The currency, which opened marginally higher on Tuesday, fell to 57.14 against the US dollar in late morning trade. At 1:52, the rupee was at 57.02 to the dollar, just 1 paise or 0.02 per cent lower than Monday's close of 57.01. It had earlier touched a day's high of 56.90 to the dollar.
Traders said any RBI intervention will be closely watched if the rupee continues its downward trajectory towards its record low of 57.32 hit on Friday.
The rupee had soared over one per cent on Monday in anticipation of strong measures, but trimmed more than half its gains after the RBI announcement, disappointing investors who had expected bolder measures (Read: RBI announces steps to boost rupee, economy)
The INR has been hitting a string of new lows as concerns about Indian and world economy plague the currency. It hit a new lifetime low of 57.33 to the dollar on Friday. Broad gains in the dollar versus major currencies on the back of global risk aversion and weakness in domestic shares too weighed on the rupee. Dollar buying from oil firms and gold importers added to the downward pressure, traders said. The rupee has now fallen over 21 per cent in the last one year and nearly 7 per cent in 2012.
Also Read: Rupee fall - 10 industries that will be most affected
The central bank announced a handful of measures on Monday that would allow companies to borrow more from overseas to pay back their high cost rupee loans. It has also allowed increased the limit on foreign investment in government bonds by $5 billion to $20 billion. (Read More)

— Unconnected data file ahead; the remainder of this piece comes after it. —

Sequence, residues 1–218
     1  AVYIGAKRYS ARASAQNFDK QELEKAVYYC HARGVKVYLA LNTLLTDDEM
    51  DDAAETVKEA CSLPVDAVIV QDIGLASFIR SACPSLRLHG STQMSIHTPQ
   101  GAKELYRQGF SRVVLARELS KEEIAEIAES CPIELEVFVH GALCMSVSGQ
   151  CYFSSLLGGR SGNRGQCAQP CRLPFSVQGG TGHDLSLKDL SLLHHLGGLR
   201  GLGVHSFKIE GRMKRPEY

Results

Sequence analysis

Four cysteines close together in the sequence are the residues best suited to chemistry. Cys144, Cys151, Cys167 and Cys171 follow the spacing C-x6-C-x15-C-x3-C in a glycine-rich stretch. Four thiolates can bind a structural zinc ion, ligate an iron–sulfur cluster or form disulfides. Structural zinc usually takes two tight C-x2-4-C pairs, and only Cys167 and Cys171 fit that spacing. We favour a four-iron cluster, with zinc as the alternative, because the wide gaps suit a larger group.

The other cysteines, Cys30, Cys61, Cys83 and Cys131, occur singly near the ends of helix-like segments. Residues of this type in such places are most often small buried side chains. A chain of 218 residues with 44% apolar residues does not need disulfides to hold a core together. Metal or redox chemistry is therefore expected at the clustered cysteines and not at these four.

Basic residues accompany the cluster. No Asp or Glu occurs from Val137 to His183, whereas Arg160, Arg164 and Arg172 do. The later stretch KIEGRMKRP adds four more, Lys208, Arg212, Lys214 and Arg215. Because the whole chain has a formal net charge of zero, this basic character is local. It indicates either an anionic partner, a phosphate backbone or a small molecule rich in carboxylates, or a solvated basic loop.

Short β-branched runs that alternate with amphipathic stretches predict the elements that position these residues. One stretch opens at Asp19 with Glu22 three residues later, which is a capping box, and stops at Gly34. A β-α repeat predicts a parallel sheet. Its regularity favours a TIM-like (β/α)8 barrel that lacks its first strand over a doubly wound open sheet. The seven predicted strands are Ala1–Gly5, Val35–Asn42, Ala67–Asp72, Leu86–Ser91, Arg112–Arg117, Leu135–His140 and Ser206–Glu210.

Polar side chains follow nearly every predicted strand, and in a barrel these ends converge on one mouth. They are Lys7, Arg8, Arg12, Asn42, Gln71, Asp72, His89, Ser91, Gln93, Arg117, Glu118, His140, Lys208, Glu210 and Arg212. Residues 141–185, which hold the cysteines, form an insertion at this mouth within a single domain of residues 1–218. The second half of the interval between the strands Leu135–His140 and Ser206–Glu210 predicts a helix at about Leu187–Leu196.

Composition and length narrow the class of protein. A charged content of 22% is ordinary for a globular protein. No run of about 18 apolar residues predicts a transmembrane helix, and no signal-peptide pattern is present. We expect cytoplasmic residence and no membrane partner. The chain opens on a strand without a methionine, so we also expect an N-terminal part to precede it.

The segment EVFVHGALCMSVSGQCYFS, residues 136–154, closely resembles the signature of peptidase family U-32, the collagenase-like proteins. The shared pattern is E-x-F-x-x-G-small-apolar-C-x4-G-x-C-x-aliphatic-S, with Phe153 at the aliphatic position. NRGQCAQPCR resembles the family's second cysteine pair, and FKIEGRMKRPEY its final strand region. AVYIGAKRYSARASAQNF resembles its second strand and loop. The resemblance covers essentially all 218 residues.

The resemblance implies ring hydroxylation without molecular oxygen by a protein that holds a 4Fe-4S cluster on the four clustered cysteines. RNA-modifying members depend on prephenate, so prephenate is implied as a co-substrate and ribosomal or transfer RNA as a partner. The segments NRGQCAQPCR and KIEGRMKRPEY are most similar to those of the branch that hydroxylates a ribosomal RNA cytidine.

However, markets were disappointed as they were expecting bolder steps to curtail rupee depreciation and a slowing economy. ‘Much ado about nothing’ said a note by a foreign bank, to its clients soon after the announcements by the Reserve Bank of India. (Read Why)
The RBI, last week, had also written to oil companies to source 50 per cent of their dollar needs from state-owned banks in a bid to support the rupee. However, no decision has been taken yet, sources said.
However, analysts said these sorts of measures would provide only stop-gap relief and that India needed to improve its economic fundamentals, including addressing its current account deficit, to bolster the rupee.
"The problem with the rupee is fundamental, and technical measures cannot be supportive over a longer period of time," said Sanjay Mathur, an economist with Royal Bank of Scotland in Singapore.
"But it is also important to note that all the India-centric factors for the fall in the rupee, like lack of reforms, has been priced in. Further weakness will be because of the global risk-averse sentiment," he said.
Credit rating agencies Fitch and S&P too warned about a paralysis in policy making affecting the country. While GDP slowed to 5.3 per cent in the fourth quarter of FY12, inflation has been persistently over comfortable levels.
With inputs from Thomson Reuters